- As per the treaty, Tipu had to cede half of his kingdom to the English including the areas of Malabar, Dindigul, Coorg and Baramahal.
- He also had to pay Rs. 3 Crore as war indemnity to the British.
- Tipu also had to surrender two of his sons as surety to the British till he paid his due.
The Fourth Anglo-Mysore War (1798-99):
Causes and Results
The primary cause of the fourth Mysore War was the imperialist policy of Lord Wellesley, though of course, Tipu Sultan too was preparing himself to settle his score with the English. Tipu did not forget his defeat and humiliation at the hands of the English in the Third Anglo-Mysore War. He prepared himself to restore his last power and prestige. He further fortified his capital, increased the number of his infantry and cavalry, and improved their training, suppressed the rebellious chiefs, and encouraged agriculture.
In 1796, the titular Hindu Raja of Mysore died and Tipu refused to place his minor son ever nominally on the throne and declared himself the Sultan. He sought alliances with foreign powers against the English and sent ambassadors to Arabia, Turkey, Afghanistan, and the French at the island of Mauritius. He became a member of the French Jacobin Club and called himself ‘Citizen Tipu’. Some French volunteers arrived in Seringapatam and planted the tree of liberty there. A small contingent of French soldiers also arrived at Mangalore at the same time when Lord Wellesley reached Calcutta. Thus, it was clear that Tipu desired to take revenge on the English.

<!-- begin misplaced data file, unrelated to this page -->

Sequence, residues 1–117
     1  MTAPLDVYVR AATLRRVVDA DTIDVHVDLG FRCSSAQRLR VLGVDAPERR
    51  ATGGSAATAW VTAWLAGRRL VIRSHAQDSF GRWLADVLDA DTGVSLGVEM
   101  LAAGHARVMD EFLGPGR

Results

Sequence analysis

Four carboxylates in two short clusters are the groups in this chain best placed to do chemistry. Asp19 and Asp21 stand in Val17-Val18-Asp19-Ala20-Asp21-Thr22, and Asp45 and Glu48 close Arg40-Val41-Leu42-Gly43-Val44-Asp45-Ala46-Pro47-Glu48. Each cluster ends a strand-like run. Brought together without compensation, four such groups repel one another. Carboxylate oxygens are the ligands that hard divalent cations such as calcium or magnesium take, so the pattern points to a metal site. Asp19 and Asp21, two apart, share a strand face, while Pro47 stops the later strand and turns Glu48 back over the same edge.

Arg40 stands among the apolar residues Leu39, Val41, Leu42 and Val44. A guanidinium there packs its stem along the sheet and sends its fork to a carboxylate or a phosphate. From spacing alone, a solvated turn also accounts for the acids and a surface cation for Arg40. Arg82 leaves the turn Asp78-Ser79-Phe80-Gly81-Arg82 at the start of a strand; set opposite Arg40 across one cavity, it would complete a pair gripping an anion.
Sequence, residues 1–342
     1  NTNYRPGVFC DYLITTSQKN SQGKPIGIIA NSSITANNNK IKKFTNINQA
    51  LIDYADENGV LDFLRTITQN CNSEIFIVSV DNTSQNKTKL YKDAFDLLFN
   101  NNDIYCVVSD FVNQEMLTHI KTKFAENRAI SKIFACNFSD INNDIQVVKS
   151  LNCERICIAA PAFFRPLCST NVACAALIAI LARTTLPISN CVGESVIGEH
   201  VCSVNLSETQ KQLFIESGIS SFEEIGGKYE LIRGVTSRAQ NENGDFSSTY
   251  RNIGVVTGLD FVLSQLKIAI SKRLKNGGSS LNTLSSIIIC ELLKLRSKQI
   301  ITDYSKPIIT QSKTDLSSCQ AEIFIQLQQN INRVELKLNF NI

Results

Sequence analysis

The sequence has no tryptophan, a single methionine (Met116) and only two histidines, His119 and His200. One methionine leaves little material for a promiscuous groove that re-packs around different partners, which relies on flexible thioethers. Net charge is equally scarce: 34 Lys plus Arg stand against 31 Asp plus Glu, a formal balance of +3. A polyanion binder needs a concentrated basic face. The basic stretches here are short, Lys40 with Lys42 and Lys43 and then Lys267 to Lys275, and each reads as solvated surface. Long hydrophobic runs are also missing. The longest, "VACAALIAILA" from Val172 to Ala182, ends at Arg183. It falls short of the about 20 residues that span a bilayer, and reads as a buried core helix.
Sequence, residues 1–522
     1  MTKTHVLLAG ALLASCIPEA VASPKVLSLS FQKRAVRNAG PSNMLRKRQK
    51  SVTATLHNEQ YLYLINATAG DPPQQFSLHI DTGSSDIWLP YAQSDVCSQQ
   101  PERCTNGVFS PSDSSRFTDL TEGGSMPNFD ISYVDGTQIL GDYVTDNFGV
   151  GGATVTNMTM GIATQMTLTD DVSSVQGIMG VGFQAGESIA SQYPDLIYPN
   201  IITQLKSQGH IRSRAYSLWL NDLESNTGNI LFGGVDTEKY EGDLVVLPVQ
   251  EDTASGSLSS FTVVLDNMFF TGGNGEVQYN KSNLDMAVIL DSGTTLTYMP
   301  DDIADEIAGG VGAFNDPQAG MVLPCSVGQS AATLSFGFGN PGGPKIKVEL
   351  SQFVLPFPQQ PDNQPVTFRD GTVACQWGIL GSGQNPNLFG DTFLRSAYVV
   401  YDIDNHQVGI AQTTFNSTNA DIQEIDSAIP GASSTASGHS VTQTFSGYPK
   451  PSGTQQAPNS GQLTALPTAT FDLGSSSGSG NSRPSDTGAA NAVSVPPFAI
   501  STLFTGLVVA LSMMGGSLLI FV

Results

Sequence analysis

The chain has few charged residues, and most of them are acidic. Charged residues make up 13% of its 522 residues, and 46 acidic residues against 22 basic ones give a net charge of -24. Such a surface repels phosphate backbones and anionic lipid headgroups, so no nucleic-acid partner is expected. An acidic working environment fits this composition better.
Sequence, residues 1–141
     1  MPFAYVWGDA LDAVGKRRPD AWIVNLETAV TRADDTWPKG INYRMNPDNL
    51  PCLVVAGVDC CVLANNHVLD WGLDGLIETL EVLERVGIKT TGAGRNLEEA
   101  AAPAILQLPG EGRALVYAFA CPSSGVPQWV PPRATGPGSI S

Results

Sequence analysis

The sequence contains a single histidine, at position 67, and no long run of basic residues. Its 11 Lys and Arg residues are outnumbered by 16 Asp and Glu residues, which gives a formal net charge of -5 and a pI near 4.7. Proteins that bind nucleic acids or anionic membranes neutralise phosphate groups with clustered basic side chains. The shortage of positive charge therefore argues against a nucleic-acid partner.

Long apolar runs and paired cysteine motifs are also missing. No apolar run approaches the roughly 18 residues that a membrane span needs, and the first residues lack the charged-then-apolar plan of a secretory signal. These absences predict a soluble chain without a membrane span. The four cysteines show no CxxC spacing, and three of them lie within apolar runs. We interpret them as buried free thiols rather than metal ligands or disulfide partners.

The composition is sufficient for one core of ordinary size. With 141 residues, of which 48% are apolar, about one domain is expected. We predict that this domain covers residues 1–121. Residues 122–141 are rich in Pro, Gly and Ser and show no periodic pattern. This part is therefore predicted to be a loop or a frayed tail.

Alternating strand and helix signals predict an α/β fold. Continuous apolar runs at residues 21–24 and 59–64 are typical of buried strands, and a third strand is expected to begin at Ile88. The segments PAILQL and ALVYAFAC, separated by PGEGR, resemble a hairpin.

Lord Wellesley, who came to India as governor-general of the Company in 1798 was equally anxious to finish Tipu forever. He regarded the activities of Tipu as those of an enemy, determined to eliminate the influence of the French from the courts of native rulers including that of Mysore, and frankly an imperialist and was determined to extend the territory of the English in India by every means. Mysore could be easy prey. Therefore, he planned to finish the power of Tipu for once and all. He opened negotiations with the Nizam of Hyderabad and Marathas.
The Nizam cantered into a treaty with the English in September 1798. The Marathas did not reply clearly, yet, Wellesley assured the Peshwa that he would give him half of the territory captured from Tipu after the war. Thus, assured of the neutrality of the Nizam and the Marathas, Wellesley declared war against Tipu in 1799.
The Fourth Mysore War (1799)
Mysore was attacked by the English from two sides in March 1799. Tipu was defeated in some engagements and finely was forced to take shelter within the walls of Seringapatam. The English besieged Seringapatam and captured it on May 4, 1799. Tipu died fighting and his son, Fateh Ali, surrendered himself to the English.
The fourth Anglo-Mysore war destroyed the state of Mysore which was strengthened and taken over by Haider Ali thirty-three years back. The English offered some territory to the Peshwa on certain conditions which he refused to accept. The Nizam was given some territory near his own territory. The English occupied a larger part of the territory of the state of Mysore. The rest of its territory was handed over to the minor son of the previous Hindu ruler who accepted the subsidiary alliance and thus, became a dependent ally of the English. The members of the family of Tipu were imprisoned in the fort of Vellore.
Thus, the state of Mysore was finished by the English. It was a grand success of Wellesley and he was rewarded by the title of ‘Marquis’ by the English government.